Of the 1.2 billion people who call Africa their home, over 60 percent are under 25, creating an unprecedented youthful population. Having a young population is often viewed as positive for unlocking growth and development potential. However, as Africa struggles to provide opportunities for its youth, their agitation and frustration continue to manifest themselves in migration from the continent through hazardous life-threatening means, and the global appeal of terrorism and violent extremism. Both have led to catastrophic consequences on the continent and around the world.

China has been one of the most committed partners to African countries when it comes to the issue of poverty reduction. At the Forum on China-Africa Cooperation Summit held in Johannesburg, South Africa, in December 2015, President Xi Jinping reaffirmed his country's support for poverty alleviation in Africa under the plan for 2016-2019. In the three-year plan, China pledged $60 billion to support the continent of Africa in its quest to alleviate poverty from a perspective that falls parallel to the World Bank's target and the African Agenda.

However, in order to achieve the goals of China-Africa cooperation in eradicating poverty and boosting shared prosperity, the potential of private-sector-led growth must be realized.

For decades, Africa continued to be pushed toward development through aid and structural adjustments, as if development was a nearby shoreline and, if we just pushed hard enough, the continent would finally reach it. However, as experience shows, development is a mindset, not a destination.

For too long, Africa's youth have been excluded from its developmental agendas for lack of education, training and opportunity. Fostering a mindset of self-driven development among Africa's youth and endearing the spirit of entrepreneurship is key to achieving continental development and worldwide prosperity. Judging from the deposits of valuable resources beneath our lands, and the great cache of vibrant youth in our midst, we can conclude that poverty was never Africa's destiny.

Future cooperation between China and Africa must place at its center the development of entrepreneurship among African youth, in order to realize true and sustainable development. Furthermore, this mindset must be supported by government-to-government cooperation, through the creation of programs and initiatives that provide enabling environments and encourage young people to innovate and engage in entrepreneurial activities. There is great potential in fostering China-Africa entrepreneurial education and scholarship, by which African youth can benefit from the experiences of China's four decades of entrepreneurial innovation and excellence. Moreover, there is great potential for cooperation in regulatory reforms across the continent to provide a healthy and nurturing ecosystem for the development of a vibrant entrepreneurial society. Initiatives such as Belt and Road provide solutions for the logistical and infrastructural challenges that hinder entrepreneurial development. However, more attention should be given to areas of financial support that pose the greatest challenge to entrepreneurial development on the continent, through the establishment of support funds and accessible loan systems.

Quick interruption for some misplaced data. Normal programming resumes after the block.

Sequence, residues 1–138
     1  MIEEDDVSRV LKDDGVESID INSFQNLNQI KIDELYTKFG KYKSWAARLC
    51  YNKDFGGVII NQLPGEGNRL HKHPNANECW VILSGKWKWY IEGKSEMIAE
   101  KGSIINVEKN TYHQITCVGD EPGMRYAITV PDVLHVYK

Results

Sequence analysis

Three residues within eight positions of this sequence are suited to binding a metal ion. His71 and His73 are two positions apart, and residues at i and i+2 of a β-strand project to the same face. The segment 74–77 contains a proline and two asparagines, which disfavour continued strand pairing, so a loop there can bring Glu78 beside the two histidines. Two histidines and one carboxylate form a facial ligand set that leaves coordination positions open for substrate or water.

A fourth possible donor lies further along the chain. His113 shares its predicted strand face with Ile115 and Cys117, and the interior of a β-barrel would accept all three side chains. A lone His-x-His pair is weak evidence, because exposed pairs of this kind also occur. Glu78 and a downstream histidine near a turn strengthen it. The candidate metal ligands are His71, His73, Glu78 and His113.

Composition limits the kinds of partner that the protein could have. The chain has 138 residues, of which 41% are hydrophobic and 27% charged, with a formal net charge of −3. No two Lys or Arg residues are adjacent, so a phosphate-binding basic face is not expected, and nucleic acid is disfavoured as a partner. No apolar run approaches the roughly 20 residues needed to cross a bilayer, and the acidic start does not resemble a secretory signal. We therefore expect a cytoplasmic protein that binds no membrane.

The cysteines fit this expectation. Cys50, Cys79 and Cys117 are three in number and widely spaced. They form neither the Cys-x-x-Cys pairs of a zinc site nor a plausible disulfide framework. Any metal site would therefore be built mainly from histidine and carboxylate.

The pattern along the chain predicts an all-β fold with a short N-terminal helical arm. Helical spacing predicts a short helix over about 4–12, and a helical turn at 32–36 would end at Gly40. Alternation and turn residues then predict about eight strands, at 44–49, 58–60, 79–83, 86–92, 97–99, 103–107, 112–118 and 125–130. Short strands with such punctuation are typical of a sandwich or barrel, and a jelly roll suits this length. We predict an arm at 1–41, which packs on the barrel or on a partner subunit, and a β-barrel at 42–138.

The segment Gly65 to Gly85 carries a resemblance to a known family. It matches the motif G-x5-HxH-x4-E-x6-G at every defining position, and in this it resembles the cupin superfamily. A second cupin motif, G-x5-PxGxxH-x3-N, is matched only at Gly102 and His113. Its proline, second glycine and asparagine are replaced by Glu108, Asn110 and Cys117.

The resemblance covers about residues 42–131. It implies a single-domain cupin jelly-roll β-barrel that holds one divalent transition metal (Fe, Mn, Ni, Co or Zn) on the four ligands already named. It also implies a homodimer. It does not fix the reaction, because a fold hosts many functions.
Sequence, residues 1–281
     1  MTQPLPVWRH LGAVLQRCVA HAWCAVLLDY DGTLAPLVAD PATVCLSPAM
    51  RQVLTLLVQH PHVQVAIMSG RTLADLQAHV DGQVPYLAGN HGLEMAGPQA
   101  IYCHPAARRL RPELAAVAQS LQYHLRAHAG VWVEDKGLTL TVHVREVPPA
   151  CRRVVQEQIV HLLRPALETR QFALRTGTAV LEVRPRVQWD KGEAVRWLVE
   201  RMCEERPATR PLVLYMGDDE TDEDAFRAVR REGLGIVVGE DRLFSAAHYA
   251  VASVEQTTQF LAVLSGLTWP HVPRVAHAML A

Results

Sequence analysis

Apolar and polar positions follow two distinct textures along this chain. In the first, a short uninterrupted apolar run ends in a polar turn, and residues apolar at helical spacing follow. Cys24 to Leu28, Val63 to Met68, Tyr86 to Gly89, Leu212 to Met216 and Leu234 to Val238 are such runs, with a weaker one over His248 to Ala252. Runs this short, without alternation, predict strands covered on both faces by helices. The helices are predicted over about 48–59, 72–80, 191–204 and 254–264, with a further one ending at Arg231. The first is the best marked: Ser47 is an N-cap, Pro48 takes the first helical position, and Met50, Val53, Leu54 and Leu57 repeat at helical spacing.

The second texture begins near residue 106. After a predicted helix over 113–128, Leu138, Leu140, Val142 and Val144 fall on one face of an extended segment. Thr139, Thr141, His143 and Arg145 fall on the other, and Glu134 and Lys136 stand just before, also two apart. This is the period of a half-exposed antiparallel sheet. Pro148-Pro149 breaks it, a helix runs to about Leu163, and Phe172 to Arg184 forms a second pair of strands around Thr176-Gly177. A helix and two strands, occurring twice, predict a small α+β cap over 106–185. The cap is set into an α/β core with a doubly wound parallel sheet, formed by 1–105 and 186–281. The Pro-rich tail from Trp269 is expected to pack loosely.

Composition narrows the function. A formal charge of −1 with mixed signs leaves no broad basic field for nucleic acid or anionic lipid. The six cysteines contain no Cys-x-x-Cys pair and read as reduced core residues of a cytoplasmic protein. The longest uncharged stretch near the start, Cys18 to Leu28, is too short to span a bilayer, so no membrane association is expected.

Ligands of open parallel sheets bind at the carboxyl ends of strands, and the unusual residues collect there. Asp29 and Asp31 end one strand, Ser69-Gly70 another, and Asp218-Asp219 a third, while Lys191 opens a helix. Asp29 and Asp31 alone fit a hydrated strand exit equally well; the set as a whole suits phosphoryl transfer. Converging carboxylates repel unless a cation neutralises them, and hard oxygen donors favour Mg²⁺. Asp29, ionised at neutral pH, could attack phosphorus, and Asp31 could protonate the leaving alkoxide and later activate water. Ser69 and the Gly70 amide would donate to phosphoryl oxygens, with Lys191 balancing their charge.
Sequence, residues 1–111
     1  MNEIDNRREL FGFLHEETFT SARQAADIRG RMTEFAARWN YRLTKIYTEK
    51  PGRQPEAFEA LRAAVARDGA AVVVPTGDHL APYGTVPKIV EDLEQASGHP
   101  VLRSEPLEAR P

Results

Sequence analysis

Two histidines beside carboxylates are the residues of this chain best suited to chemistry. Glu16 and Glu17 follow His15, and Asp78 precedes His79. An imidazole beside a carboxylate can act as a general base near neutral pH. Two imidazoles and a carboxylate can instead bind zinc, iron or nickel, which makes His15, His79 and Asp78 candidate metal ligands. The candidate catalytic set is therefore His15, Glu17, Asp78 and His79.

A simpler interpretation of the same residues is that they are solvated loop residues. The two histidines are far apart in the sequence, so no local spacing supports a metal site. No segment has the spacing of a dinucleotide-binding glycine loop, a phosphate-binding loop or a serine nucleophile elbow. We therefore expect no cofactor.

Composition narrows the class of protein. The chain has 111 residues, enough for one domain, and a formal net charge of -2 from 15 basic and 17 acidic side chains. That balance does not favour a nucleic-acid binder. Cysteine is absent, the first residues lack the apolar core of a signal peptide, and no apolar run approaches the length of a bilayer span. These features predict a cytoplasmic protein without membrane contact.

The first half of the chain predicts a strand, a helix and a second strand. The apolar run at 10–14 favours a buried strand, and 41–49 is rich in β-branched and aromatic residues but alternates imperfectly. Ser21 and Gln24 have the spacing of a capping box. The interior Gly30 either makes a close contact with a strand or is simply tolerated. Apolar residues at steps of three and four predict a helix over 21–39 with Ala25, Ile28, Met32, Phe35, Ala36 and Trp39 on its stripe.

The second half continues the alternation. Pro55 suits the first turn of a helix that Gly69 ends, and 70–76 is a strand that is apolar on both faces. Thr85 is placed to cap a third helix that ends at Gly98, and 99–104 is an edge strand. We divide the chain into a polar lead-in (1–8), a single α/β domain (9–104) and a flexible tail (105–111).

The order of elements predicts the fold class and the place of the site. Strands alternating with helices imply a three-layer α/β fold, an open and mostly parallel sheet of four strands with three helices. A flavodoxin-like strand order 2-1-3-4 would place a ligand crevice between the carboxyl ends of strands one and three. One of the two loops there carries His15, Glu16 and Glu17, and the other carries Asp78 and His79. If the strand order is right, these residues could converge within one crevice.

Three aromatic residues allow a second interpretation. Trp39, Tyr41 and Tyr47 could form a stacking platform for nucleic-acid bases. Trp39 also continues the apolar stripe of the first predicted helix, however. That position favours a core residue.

In conclusion, I'd like to point out that the launch of President Xi's book Up and Out of Poverty that summarizes China's experiences in poverty reduction is more evidence of China's dedication to share its experiences in poverty alleviation with the continent, and the appreciation of the importance of this experience by African nations. However, getting the message to the youth, and instilling the mindset of self-driven development, is the most important step toward eradicating poverty and achieving common prosperity.

 

全文请见:http://europe.chinadaily.com.cn/epaper/2017-06/30/content_29943801.htm

 

作者:和丹

发表时间:2017-06-30

浙江师范大学非洲研究院